Traditions and Orange Yams
The sub-district where we are now training has a strong attachment to traditional medicine. So strong, in fact, that I have been seriously considering the need for a module on traditional medicine. Outside the health center there is a large, well-tended herb garden, something I would have overlooked or called a flower garden except that one of my trainers, who is aware of all the ways plants are used, pointed it out to me.
It is a result, we are told, of someone bewitching your child and can only be healed by a traditional healer. After the healing has been done, the parent is instructed to take the child to the health center if the symptoms require further treatment.
The people in this area are mainly Bahima, a cultural group of traditional cattle herders, who for reasons that aren't imediately obvious, have no cattle and are attempting to establish themselves as agricultural workers. At this time it doesn’t appear to be much of a success. The matooke (cooking banana) plantations, which are the beloved staple food in the area are not in good shape. People from the central part of the district note that the matooke stems here are short, stunted and the bunches are few and small. And if that weren't enough, this district is also experiencing a menacing banana wilt which has severely decreased crops and continues to do so. There isn’t much need here for the long forked poles which support overweight bunches in other more fertile regions.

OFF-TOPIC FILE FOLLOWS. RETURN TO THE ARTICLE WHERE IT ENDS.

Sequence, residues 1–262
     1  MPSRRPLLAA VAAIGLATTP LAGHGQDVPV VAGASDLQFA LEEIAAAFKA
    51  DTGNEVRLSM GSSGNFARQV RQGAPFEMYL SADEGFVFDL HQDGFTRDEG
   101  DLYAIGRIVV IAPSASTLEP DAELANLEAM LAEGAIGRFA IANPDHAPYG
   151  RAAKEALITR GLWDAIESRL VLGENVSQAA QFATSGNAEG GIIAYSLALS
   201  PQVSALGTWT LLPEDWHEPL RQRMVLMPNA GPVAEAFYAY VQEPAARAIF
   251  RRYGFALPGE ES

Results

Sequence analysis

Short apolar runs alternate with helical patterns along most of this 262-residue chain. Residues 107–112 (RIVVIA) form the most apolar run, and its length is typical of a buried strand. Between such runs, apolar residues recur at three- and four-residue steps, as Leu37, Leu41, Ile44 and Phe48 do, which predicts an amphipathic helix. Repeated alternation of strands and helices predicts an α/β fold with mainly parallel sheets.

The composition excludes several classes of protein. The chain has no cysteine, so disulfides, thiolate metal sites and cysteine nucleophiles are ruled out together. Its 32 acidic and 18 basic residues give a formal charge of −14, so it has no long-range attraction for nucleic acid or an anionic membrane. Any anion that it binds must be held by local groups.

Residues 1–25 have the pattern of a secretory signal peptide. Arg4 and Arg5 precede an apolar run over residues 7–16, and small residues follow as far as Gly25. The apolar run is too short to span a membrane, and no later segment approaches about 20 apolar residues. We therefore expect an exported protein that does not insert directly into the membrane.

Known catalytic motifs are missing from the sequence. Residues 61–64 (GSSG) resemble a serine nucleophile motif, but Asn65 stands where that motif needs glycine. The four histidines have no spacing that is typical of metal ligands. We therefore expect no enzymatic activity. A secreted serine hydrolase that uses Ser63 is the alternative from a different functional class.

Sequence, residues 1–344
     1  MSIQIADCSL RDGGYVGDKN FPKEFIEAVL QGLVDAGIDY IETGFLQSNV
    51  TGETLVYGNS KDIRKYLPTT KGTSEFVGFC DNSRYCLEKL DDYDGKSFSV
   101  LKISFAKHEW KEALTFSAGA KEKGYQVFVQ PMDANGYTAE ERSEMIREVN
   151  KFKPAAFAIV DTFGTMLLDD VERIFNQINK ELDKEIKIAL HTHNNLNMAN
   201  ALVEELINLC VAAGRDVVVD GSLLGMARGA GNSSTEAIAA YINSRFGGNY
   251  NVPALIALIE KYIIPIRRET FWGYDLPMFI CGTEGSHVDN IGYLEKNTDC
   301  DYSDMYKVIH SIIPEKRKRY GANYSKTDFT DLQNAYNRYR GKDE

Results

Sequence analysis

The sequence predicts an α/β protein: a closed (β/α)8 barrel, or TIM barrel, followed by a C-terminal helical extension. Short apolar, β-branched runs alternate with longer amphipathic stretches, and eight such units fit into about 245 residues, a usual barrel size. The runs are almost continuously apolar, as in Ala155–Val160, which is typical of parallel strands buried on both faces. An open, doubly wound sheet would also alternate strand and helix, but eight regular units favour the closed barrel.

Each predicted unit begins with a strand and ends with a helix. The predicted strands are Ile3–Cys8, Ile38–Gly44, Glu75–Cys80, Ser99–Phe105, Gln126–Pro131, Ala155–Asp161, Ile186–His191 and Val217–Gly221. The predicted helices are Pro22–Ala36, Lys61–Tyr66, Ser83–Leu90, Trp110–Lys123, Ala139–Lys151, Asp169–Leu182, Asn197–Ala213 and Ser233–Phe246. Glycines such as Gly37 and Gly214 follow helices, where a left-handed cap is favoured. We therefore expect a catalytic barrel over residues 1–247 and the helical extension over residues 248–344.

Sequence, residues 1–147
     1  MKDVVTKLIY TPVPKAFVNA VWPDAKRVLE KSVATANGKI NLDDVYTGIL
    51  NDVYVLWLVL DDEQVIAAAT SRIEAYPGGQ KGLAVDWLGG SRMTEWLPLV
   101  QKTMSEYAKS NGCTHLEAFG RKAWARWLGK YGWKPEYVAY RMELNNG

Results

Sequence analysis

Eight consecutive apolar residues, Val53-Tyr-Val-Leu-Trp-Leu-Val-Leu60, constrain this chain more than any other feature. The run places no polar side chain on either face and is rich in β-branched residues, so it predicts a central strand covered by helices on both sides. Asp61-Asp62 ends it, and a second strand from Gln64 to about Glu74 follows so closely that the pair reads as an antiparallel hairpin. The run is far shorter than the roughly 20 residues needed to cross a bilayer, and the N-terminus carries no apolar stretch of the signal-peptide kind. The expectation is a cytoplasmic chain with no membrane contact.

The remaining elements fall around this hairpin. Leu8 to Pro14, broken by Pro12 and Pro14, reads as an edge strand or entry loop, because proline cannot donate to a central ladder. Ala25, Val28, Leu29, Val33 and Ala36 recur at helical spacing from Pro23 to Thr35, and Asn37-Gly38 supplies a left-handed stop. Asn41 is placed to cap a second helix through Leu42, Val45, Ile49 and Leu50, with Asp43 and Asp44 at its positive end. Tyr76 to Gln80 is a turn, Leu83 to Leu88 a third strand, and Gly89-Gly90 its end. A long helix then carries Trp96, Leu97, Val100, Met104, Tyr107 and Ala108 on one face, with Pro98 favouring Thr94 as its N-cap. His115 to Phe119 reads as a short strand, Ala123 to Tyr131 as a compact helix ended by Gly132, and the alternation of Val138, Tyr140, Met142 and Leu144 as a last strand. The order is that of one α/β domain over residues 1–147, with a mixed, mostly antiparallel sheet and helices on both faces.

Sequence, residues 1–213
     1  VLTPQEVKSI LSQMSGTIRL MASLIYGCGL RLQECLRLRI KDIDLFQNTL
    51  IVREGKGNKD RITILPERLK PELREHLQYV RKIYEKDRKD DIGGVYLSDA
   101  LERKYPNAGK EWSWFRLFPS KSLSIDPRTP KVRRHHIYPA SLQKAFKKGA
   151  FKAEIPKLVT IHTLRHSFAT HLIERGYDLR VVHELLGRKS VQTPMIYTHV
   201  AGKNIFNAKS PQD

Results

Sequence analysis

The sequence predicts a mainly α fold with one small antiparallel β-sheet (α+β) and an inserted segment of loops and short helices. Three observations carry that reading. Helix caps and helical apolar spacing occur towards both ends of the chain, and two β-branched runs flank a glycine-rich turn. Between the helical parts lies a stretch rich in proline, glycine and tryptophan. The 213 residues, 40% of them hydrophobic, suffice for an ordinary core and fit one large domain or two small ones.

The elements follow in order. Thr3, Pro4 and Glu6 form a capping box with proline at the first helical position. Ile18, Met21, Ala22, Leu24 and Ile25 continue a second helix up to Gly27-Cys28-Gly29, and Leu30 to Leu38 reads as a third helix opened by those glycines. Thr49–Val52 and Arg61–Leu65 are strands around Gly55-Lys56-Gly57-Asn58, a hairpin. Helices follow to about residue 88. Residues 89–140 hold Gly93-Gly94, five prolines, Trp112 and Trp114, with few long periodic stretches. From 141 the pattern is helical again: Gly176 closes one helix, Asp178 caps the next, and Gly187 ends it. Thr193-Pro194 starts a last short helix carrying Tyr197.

I don’t mean to suggest that I can spot this difference in crops myself. Not by a long shot. There are exclamations in the car about how poor the plantations look. Finally I have to inquire, “How can you tell?”
At first they just reply, “Just look at it!”
Poor crops, poverty, persistence of traditional beliefs and poor adaptation to a completely different way of life seem to be related.
We shake our heads over the difficulty of changing people’s traditional diet. I retell the story about hosting a huge party with a groaning table full of rice, potatoes, millet, chicken, roasted beef kabobs, samosas, green salad and a fruit salad of pineapple, passion fruit, bananas and payaya. Afterwards a close friend came to thank me saying, it was a wonderful party except there was no food.
“No food!” I exclaimed, “Where were you? There was so much food, my table almost collapsed!”
Seeing my surprised face she added, “No matooke.”
We both laughed. The attachment of the Baganda tribe in central
Trying to introduce orange yams seem a mad undertaking at first glance, but I have noticed that cucumbers, carrots, okra, cilantro and green peppers that were not grown here before are starting to appear in Mbarara markets. We could really use the beta carotene these orange yams contain especially for children. It would make a whole lot more sense than giving children Vit A capsules every six months as is now done. So I am already thinking about how it might become an income generating project. Maybe if it was started near a swamp or another source of water? One needs to take note of traditional practices but one also needs to move forward.
photos: Orange yam (AKA sweet potato); matooke market; local yams; matooke bunch